How it does so is explored well in Abdel Bari Atwan’s The Secret History of Al Qa’ida. Atwan, a Palestinian and long-time resident of London, is editor in chief of al-Quds al-Arabi. Like Bergen, he too has met Bin Laden. In his short and eminently readable book, Atwan explores the nature of Al Qaida strategy – in particular reviewing the role of suicide bombing and cyber-Jehad. His perspective is different to Bergen’s. As a Muslim journalist, he can capture the emotional public response that 9/11 generated among “a significant number of ordinary Muslims”. He cites Rahma Hugira, a Yemeni female journalist interviewed on CBS shortly after the attacks:

I didn’t used to think that I could support violence. When I saw the World Trade Center and the Pentagon burn, I cried, I fainted with joy. And I prayed that God would help Al-Qa’ida hellip What we all see in Osama bin Laden is the man who was able to take our revenge, to wipe the tears that have been falling for a long time for our brethren in Palestine and Iraq. (p. 86)

Atwan’s point? Through violence, Al Qaida began a dialogue with people not governments. And through the Internet, the extremist message can be endlessly repackaged, recycled, and renewed. It is a message of action through asymmetrical violence. As one of the 11 September Saudi hijackers recorded in his will, “the time of humiliation and slavery is over” (p. 109). In contemporary Iraq suicide attacks are often rigged to be videoed from several angles simultaneously, allowing for well-edited, high resolution films to be posted to the Internet within hours. Atwan cites Hamid Mir, the Pakistani biographer of Bin Laden, who recalled watching Al Qaida militants fleeing US bombs in November 2001: “Every second al-Qa’ida member [was] carrying a laptop computer along with his Kalashnikov” (p. 122). The Internet, suggests Atwan, is the “single most important factor in transforming largely local Jihadi concerns and activities into the truly global network that al-Qa’ida has become today” (p. 124).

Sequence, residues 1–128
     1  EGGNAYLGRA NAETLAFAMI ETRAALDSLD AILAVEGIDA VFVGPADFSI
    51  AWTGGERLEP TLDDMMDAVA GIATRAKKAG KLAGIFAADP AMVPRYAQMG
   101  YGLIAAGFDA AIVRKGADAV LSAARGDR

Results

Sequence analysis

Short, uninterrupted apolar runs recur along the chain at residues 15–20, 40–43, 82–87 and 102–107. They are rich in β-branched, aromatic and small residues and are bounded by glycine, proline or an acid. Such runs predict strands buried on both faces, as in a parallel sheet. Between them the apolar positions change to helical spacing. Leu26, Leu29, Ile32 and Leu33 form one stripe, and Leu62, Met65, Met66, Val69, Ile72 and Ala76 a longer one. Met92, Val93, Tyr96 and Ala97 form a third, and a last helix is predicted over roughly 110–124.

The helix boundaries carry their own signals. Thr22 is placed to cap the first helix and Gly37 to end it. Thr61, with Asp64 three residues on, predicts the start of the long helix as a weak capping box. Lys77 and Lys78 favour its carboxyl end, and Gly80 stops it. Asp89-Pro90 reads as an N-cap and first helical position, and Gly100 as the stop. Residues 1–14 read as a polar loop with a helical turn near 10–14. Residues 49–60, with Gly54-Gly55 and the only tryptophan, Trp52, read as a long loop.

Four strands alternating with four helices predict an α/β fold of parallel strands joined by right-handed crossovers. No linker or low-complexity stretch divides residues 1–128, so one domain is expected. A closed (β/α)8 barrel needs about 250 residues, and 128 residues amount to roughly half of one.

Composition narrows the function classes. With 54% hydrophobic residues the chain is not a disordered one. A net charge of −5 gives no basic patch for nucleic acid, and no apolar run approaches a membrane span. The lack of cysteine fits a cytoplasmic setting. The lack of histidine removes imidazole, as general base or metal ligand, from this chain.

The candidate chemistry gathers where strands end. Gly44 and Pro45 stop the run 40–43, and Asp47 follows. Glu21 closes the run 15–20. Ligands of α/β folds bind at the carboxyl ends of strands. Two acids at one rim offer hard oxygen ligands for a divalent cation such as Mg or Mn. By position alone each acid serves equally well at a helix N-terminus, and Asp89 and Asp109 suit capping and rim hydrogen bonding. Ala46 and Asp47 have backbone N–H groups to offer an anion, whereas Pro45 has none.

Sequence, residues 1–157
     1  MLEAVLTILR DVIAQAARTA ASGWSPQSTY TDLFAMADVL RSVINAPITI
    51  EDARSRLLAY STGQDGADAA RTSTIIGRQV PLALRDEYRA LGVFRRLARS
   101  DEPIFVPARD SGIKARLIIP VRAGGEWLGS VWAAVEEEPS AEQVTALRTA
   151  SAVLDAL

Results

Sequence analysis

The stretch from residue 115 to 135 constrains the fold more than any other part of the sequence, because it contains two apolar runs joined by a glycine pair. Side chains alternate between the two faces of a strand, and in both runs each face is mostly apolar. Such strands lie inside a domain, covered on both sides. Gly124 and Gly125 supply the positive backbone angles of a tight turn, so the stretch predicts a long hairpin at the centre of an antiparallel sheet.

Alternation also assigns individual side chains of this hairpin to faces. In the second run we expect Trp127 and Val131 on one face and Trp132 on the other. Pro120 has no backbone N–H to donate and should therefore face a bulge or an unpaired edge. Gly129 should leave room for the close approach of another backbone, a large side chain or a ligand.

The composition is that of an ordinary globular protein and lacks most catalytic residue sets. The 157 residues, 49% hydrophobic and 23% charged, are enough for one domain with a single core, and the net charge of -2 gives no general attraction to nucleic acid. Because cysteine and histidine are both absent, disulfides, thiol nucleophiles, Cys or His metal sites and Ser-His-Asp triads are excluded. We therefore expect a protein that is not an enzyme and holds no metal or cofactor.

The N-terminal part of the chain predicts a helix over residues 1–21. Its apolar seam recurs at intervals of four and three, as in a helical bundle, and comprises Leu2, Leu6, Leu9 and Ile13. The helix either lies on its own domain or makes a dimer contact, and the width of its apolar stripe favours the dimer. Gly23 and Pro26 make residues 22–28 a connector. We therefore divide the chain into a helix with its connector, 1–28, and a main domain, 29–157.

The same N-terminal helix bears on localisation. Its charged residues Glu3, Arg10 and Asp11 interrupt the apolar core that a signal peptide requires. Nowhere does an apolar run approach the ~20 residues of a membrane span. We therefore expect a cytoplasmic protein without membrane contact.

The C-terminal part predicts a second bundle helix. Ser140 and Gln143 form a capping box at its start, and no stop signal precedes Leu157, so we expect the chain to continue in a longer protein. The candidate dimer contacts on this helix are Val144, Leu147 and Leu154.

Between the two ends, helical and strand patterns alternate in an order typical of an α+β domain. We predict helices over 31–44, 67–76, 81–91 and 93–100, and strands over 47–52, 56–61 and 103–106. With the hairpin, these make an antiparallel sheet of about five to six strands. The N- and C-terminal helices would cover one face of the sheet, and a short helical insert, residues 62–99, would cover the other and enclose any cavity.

This is the platform that Bin Laden and other radicals use to propagate their message. All use classic propaganda techniques: repetition (e.g. endless images of Israeli actions on the West Bank), selection (no claim to objectivity), and emotional appeals. The importance of emotion to Bin Laden – and the way in which he manipulates it – is worth noting. Al Qaida’s use of violence is often subordinate to the radical message that asymmetrical methods can – so extremists argue – deliver political change.